Google Helps People Get Their Data Out Of Google

from the the-antithesis-of-evil? dept

Too many companies these days are focused on ways to keep you locked-in somehow or another, so it’s quite refreshing to find out that Google is now officially announcing its Data Liberation Front, which does exactly the opposite: systematically helping you to get your data out of Google’s services so that it can be used elsewhere. Apparently the group has been working on this for a while, but has only just now been publicly “announced.” It’s difficult to think of too many other companies that would do the same thing. Of course, it’s easy to think of independent or competing companies that might do this — but we usually hear about the original company suing anyone who tries to free up data. Good move by Google to offer the service itself.

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Companies: google

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Comments on “Google Helps People Get Their Data Out Of Google”

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Anonymous Coward says:

Google is getting scary… they have the money to do the right thing now which leads to more followers which leads to more money which leads to more followers…. the problem becomes when the visionaries at the top see all the unused power at their disposal and decide to exploit it. Good thing Google is primary an advertising agency and the underlining policy is to generate good PR to attract more customers.

Alan Gerow (profile) says:

Re: Re:

But now they’re giving power back to its users. You can get your data out of Google … that’s power, to the people. They’ve seen how much power they have gained, and they’re relinquishing some of it voluntarily so that you can take your e-mail, calendar events, docs, search history, etc, and go somewhere else if you like. They’ve unlocked the door so you can take your ball and go home if you don’t like where Google is going.

Other service providers will let you leave, but they’ll keep your ball, forcing you to start all over with a new service.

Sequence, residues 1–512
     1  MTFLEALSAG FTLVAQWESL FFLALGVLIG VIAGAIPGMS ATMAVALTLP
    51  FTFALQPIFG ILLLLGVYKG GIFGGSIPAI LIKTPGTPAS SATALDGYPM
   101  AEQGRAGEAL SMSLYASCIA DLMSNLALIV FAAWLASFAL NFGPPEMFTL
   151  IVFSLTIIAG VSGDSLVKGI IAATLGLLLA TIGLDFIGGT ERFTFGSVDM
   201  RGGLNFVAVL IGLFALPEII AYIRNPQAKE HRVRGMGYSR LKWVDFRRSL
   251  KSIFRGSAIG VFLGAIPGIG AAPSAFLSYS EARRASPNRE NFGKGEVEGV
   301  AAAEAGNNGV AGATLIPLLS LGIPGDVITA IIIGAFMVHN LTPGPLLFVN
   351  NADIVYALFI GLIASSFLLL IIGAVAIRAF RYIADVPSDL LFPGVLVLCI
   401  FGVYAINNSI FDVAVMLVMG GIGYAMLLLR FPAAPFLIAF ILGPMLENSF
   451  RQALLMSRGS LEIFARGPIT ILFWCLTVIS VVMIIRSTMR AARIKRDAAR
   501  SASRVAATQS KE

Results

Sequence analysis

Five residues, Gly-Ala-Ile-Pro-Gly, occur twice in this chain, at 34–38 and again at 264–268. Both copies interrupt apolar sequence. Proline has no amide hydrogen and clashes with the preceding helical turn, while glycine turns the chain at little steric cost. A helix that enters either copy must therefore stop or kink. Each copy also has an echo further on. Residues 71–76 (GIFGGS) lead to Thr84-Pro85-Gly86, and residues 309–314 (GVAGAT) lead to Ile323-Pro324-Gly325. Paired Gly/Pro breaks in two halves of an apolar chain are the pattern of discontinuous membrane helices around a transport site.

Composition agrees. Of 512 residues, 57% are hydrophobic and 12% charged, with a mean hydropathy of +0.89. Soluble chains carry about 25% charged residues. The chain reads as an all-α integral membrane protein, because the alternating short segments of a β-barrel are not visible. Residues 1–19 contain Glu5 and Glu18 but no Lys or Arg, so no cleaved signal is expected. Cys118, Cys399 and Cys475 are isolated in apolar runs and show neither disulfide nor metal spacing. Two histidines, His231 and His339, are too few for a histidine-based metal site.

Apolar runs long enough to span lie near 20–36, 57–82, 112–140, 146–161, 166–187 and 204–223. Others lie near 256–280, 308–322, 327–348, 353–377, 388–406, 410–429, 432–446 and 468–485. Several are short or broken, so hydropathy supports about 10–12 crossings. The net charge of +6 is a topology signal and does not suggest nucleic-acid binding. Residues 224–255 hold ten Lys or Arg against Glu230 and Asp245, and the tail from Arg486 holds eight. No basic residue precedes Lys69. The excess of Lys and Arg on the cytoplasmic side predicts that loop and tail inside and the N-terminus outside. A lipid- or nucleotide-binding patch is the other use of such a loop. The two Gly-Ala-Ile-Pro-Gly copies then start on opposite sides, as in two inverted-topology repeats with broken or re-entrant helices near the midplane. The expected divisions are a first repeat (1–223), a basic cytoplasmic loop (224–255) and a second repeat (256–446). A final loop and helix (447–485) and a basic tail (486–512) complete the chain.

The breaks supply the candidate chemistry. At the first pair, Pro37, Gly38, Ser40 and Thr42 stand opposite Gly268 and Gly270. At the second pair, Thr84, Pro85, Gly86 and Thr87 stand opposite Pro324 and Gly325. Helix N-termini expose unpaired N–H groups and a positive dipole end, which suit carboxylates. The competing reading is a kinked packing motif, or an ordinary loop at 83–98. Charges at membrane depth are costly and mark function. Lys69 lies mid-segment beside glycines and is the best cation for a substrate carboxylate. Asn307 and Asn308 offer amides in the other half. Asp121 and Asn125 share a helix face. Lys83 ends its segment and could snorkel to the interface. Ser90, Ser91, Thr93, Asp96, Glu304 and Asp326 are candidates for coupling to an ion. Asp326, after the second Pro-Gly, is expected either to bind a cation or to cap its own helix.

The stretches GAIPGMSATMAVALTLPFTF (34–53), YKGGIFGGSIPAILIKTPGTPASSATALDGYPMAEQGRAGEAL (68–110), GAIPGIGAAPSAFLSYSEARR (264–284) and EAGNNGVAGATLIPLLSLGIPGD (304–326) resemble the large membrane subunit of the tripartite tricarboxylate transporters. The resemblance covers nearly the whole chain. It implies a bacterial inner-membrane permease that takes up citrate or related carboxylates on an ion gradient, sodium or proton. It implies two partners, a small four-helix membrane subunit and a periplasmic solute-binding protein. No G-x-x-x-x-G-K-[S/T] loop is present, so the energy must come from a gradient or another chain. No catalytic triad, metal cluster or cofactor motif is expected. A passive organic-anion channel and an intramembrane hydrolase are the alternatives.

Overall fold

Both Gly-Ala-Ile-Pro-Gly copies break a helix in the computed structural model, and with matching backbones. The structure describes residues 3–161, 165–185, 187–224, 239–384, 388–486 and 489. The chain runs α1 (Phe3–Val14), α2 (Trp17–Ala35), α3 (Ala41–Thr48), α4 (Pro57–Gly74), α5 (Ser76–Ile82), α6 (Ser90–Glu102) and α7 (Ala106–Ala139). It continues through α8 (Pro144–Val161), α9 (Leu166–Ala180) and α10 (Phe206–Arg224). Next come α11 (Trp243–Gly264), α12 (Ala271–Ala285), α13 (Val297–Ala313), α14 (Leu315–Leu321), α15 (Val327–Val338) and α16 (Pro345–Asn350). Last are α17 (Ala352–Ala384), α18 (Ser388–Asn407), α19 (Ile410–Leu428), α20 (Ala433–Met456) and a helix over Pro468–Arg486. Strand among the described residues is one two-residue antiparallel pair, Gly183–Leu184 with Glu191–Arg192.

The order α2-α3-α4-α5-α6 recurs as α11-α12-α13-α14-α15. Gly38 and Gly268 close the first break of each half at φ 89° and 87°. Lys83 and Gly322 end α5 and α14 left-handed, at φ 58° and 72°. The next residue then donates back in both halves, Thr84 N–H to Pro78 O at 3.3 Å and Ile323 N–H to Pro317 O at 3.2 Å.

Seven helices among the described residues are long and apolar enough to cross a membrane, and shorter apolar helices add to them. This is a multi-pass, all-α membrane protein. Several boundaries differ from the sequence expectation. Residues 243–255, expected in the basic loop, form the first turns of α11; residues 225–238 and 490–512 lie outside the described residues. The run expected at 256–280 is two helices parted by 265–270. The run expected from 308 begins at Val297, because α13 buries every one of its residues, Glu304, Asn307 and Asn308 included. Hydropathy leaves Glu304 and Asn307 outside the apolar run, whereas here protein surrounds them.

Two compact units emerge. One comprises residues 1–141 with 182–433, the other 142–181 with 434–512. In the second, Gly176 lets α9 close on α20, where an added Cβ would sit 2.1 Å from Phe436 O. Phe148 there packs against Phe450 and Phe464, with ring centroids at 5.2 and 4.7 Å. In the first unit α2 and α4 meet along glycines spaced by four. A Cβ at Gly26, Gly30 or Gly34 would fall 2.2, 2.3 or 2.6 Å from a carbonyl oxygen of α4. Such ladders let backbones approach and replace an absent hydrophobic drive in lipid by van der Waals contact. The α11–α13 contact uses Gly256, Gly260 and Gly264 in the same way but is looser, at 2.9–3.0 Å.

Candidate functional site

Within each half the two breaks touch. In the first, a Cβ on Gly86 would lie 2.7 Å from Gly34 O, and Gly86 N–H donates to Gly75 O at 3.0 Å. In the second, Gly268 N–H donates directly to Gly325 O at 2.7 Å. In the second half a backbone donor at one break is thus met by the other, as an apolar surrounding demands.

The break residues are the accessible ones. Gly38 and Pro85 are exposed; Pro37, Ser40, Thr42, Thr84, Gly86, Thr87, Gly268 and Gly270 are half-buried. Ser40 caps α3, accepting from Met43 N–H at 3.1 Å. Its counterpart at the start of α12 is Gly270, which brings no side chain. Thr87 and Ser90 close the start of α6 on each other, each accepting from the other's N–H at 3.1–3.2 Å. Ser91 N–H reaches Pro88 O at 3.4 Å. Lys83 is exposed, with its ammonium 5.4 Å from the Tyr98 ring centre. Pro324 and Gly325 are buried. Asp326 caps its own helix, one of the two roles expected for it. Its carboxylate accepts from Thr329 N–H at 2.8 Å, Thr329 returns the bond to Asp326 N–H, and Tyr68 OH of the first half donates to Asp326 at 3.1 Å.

So, they’re getting scary? Sounds like they’re doing a lot to alleviate those fears by removing vendor lock-in. Microsoft has traditionally lived & breathed by vendor lock-in … and in fact, early & continued Windows & Office successes could be attributed to vendor lock-in, because once you have a library of Windows applications and Office documents, it’s tricky to simply move to a new vendor.

Google has said, come & go as you please … we’re just sure you’ll WANT to stay, not because you HAVE to.

Derek Reed says:

Vendor Lock In versus Stickiness

In my industry we use the term stickiness to describe the propensity for a customer to stay with a company of their own accord. I’d describe Vendor Lock In as a similar but different concept where the user has no choice.

There are things we do to increase stickiness, such as offering multiple complimentary services, so that a user’s desire to stick with one service causes them to stay with the company overall. Good customer service / PR / etc are also ways to increase stickiness. Increasing stickiness is good, makes users happy and provides long term gains.

Vendor Lock In harms the business in 2 ways.

  1. It decreases desire to buy in the first place. As an example, compare buying a service for 19 dollars a month with a contract for 3 years, versus paying 19 dollars a month for no contract. Which is more desirable?
  2. It creates extreme user frustration when they do want to leave, causing them not to come back. Imagine you just paid 100 dollars to get out of a contract with a company, then they offer a new compelling deal a few months later, What’s your interest level in returning to that same company?

The only perceived benefit from vendor lock in is guaranteed returns, but that can often be an illusion when there truly are ways to get out, even if those ways are expensive. And even then, the greater the cost of leaving, the more harm done from point #1 there.

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